TAMPA, Fla. (WFLA) — Family members of slain college student Miya Marcano are working with Florida lawmakers to prevent similar deaths from happening.

Marcano, a 19-year-old Valencia College student, went missing in late September. Her body was found in a wooded area in Orlando in October, about a week after she went missing. The man suspected of killing her, a maintenance worker at the apartment complex where Marcano lived, was found dead of an apparent suicide.

House Bill 577 and Senate Bill 898, “Miya’s Law,” are designed to change the security, communication and privacy requirements of housing facilities and apartment buildings that are catered to at least a 60% student population. The effort to make those changes began in November.

As proposed, both versions of the legislation would require expanded background checks, to include searches of sexual predator and sexual offender registries in all 50 states and the District of Columbia. The background checks must also be performed by a consumer reporting agency “in accordance with the federal Fair Credit Reporting Act” and must check for criminal history.

Under the legislation, if it passes, landlords would be able to disqualify a person from being hired if they’ve ever been convicted or found guilty of, or entered a guilty plea or did not contest, several offenses. Those offenses, while not all explicitly listed, include a broad classification, such as felonies or first-degree misdemeanors committed in Florida, or what would be a felony or first-degree misdemeanor in Florida if committed elsewhere.

Any criminal offense involving violence, including “murder, sexual battery, robbery, carjacking, home-invasion robbery and stalking” would also disqualify job applicants seeking to work at a “nontransient or transient apartment” where there are at least 15 units and 60% of the tenants are enrolled at an accredited college or university.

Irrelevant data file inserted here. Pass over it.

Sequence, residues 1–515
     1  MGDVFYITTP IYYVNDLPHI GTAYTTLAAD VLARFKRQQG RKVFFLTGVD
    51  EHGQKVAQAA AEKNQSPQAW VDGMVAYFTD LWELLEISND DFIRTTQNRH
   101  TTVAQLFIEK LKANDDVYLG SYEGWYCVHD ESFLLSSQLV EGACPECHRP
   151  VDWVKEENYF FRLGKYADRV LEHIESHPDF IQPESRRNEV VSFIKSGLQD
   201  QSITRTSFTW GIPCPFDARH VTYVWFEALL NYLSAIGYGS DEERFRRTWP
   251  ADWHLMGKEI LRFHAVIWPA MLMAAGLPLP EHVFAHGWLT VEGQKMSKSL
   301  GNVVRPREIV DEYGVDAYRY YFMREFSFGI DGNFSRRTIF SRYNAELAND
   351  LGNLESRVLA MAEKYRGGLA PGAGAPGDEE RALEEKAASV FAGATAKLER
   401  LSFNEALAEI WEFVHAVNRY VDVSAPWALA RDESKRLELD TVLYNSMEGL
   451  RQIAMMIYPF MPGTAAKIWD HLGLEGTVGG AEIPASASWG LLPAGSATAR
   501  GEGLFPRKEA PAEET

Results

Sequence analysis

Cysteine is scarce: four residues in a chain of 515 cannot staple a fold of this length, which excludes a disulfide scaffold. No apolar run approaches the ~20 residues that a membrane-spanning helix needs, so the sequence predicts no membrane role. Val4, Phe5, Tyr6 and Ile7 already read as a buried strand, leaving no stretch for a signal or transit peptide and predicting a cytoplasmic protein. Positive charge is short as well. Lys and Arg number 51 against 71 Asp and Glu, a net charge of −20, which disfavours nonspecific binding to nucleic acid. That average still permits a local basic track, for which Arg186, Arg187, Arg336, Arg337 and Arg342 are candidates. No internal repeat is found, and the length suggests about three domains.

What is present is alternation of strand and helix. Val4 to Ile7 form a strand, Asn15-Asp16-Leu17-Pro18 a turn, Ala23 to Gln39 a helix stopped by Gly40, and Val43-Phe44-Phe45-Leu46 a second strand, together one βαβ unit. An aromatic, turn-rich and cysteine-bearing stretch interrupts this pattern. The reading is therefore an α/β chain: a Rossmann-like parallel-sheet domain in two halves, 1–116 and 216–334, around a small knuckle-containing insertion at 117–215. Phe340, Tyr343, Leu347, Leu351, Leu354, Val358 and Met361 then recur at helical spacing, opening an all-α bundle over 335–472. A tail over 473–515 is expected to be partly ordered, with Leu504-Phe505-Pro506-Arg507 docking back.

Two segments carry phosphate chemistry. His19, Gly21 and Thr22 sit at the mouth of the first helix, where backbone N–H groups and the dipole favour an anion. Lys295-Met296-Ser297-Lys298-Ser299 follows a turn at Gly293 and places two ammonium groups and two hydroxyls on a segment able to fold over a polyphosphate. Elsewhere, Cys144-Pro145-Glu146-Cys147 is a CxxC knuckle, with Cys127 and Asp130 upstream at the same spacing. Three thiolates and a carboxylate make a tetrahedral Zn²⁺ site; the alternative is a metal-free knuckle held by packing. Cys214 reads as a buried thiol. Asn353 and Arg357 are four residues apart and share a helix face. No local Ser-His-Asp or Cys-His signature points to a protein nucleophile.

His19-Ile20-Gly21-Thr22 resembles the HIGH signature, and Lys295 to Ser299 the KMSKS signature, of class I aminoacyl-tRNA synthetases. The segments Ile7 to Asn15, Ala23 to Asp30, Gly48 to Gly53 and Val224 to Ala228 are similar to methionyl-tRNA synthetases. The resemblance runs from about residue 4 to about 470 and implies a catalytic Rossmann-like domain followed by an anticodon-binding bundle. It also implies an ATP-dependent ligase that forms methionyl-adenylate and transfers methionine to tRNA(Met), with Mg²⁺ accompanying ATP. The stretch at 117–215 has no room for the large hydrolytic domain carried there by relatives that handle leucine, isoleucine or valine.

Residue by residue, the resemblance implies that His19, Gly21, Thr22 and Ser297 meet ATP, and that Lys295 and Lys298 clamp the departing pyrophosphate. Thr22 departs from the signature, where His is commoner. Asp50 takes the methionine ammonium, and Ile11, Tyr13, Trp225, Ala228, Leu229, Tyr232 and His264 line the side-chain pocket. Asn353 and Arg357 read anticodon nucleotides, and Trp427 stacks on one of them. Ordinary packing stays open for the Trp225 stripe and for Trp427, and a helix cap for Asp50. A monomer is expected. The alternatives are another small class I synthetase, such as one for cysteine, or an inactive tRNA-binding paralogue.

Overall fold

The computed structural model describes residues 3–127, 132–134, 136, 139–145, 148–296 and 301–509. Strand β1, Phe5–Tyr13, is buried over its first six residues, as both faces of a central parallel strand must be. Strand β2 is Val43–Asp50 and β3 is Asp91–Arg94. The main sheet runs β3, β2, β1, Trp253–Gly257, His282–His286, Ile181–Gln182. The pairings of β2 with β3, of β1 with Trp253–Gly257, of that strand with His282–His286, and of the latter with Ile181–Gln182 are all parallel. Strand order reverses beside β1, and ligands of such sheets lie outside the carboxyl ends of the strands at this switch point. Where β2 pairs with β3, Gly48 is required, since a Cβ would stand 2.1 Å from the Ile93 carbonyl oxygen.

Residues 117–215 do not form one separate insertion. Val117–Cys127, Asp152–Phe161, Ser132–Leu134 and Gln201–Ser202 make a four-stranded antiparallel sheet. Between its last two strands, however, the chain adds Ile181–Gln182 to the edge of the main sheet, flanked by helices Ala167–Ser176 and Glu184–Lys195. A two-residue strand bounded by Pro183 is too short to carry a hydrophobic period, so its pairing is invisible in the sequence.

Additionally, when a rental agreement or renewal is completed, the landlord must tell the tenants in writing whether any of their current or potential employees are required to go through a background screening. The notice must include if the check was performed, if the landlord has chosen to hire the individual, that state law does not disqualify someone with a record from working at public lodging establishments and must provide every tenant a list of employees or contractors with access to a master key.

Even if the business or lodging has fewer than 15 units, if it advertises itself as a student apartment, the bill’s proposed changes would apply.

As proposed, with amendment, Miya’s Law would also require student apartments to maintain a log of “the issuance and return of all keys for each dwelling unit,” along with the name, date and time that a student apartment employee or contractor entered a unit. The log must be kept for two years.

Should Miya’s Law pass both chambers and be signed into law, the list of those with access to a master key must be placed “in a conspicuous place on the grounds of the student apartment” and tenants would have to be given 24 hours notice that someone will be entering their apartment. Current law only requires 12 hours notice, according to legislative analysis.

While built on good intentions, the legislative analysis reports the bill is not without its potential hurdles. The third-party background checks to explore potential records in all 50 states may be an issue. The analysis said “landlords will be responsible for finding a third-party company that can meet the screening criteria” of Miya’s Law, but that the Florida Department of Law Enforcement was “unaware of the existence of a vendor with this capability.”

Additionally, the bill does not clarify when existing apartment employees must undergo the screening process, and the legislation does not state when its provisions must “operate in concert,” specifically the sections for background checks and key logs.

The bill also does not contain a provision for including “electronic programmable key cards” in addition to a more traditional physical key, as it pertains to the access logs and list of people with master key access.

If it becomes law, the legislation takes effect July 1.